And of course, it wouldn’t be a Hummingbird guitar without the traditional hummingbird-and-flowers artwork, which very nicely stands out amid the dark pickguard. The guitar also has the trademark sloped dovewing headstock, which bears the Epiphone logo in white letters.
As for the onboard electronics, the controls for the preamp are located on the upper bout. Aside from a low battery indicator, there are controls for Master Volume, Mute and Treble and Bass EQ. There is also a Dynamics control slider. The pickup system, hidden away inside the soundhole just under the saddle, picks up the vibration of the strings with no problems at all.
What’s missing in the system is a built-in tuner. On the bright side, this means you have a choice of using your preferred tuner.
The overall build quality is impressive. It shows fine attention to detail and good craftsmanship. It’s easy and comfortable to play, and with its vintage appeal, you’ll find it hard to look away.
The tonewoods give the Epiphone Hummingbird Pro an amazing sound quality. The solid spruce top gives the guitar plenty of resonance, making it sound big indeed. The guitar’s tone is bright, warm and rich, with a good balance across the registers.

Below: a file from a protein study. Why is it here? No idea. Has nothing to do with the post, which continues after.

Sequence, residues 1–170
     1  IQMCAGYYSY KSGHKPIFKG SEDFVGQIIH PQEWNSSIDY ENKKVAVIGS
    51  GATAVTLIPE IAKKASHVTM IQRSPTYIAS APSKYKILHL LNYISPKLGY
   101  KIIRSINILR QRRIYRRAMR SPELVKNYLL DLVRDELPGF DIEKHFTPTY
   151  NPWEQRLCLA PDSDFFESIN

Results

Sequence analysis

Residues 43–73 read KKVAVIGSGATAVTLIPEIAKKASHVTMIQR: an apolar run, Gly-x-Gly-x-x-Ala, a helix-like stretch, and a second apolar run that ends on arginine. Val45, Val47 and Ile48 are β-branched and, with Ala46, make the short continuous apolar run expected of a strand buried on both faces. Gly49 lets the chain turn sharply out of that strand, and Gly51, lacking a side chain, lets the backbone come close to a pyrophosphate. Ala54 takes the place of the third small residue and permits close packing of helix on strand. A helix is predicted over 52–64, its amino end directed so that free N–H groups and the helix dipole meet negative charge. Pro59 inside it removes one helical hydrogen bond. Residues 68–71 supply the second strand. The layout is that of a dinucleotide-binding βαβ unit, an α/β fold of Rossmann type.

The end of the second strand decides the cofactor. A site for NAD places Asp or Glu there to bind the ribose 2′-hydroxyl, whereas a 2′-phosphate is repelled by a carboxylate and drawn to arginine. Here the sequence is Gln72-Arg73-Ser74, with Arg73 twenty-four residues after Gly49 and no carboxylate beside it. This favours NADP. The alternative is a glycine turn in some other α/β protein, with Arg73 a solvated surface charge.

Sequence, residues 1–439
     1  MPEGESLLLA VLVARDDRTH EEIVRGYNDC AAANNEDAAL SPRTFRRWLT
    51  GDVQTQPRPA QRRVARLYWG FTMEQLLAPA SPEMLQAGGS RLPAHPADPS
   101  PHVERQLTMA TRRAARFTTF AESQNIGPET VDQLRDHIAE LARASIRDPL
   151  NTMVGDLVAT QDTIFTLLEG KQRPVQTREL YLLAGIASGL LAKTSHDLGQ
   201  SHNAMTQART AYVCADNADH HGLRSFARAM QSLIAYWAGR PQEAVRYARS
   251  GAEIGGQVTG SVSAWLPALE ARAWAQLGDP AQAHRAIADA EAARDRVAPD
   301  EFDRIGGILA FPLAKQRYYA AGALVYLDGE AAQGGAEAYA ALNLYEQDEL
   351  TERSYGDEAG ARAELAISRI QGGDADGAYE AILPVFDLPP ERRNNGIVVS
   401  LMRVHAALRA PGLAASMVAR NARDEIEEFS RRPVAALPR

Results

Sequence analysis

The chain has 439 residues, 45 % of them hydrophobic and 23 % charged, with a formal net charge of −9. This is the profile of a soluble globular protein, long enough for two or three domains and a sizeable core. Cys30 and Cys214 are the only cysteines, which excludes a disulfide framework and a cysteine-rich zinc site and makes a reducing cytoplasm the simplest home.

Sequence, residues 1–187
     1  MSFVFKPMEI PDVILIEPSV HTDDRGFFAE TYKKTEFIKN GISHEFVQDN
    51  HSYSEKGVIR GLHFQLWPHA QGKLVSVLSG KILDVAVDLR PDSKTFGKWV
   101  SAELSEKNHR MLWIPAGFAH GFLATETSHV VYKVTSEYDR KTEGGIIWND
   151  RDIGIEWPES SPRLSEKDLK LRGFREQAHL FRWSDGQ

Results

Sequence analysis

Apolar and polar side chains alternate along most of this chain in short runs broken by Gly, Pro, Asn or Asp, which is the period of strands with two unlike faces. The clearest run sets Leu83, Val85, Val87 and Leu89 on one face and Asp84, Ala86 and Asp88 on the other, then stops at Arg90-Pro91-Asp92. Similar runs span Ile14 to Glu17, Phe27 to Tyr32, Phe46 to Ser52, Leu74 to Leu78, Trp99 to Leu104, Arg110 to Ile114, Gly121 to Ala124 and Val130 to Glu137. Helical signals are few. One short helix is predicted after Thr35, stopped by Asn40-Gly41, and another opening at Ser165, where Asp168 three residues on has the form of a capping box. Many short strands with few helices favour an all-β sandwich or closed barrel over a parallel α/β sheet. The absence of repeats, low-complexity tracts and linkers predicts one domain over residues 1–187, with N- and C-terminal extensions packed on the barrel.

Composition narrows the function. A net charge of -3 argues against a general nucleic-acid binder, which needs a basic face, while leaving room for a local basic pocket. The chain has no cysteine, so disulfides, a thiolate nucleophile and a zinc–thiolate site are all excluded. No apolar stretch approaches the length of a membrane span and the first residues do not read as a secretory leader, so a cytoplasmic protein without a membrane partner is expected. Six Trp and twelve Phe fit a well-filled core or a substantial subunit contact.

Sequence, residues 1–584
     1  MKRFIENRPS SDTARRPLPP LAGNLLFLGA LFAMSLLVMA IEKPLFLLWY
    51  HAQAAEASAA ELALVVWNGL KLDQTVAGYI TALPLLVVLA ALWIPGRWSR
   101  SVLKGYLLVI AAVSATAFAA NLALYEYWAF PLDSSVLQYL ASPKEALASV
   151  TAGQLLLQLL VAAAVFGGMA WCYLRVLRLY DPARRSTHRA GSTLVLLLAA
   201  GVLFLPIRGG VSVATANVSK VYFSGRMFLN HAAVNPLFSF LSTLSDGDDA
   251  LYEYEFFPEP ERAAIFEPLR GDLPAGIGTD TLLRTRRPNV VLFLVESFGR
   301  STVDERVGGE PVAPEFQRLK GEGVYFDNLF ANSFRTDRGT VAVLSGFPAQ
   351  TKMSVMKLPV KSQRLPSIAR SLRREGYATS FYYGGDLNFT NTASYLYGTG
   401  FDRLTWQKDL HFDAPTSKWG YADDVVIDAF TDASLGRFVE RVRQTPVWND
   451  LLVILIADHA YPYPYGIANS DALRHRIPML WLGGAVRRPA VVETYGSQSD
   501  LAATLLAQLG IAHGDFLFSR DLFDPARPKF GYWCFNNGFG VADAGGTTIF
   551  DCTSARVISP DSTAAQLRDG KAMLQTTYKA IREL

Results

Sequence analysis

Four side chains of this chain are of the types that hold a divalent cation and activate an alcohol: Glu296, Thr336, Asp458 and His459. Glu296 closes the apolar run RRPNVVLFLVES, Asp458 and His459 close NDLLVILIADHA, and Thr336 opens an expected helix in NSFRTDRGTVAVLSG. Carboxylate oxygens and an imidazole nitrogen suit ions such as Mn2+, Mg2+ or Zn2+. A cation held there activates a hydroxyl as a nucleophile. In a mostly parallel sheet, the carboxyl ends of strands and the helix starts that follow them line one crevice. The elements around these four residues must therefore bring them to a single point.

This versatile guitar does well when playing different music genres, from rock to blues and jazz. There’s enough low-end heft for heavy strums and rock riffs. Notes are crisp and clear for fingerstyle playing and flatpicking.
Now, let’s take a moment to dig a little deeper into the Hummingbird Pro’s electronics. According to Epiphone, it has been working with Germany-based electronics company Shadow for more than a decade, looking for ways to amplify an acoustic guitar without it losing its acoustic sound. This partnership resulted in the development of the NanoFlex pickup and ePerformer Preamp.
The preamp does very well in amplifying the acoustic sound naturally. When the guitar is plugged in, bright tones sound brighter and the lows sound deeper without taking away the acoustic-ness. The controls are also pretty straightforward so you can easily tweak the output to come up with the sound you’re going for.
All in all, the Epiphone Hummingbird Pro sounds perfectly good, especially for its price.
Why buy the Epiphone Hummingbird Pro?
The Hummingbird is a classic guitar trusted by a multitude of musicians the world over. The Epiphone Hummingbird Pro is a great modern version of this legendary instrument, and it’s something you’ll be proud to have as a musician whether you’re a beginner or a seasoned pro.
Is it worth the buy for beginners? Well, yes. It’s a beautiful guitar you may not even want to put down – which is good for those who may need the motivation to practice every day. It’s comfortable and fun to play, equipped with good-quality electronics and built to last. It’s something you won’t be embarrassed to take out of the house for lessons, jamming sessions or a couple of hours of practice in the park.
If you have $300 to spend on a guitar, this is one of the best models you can buy.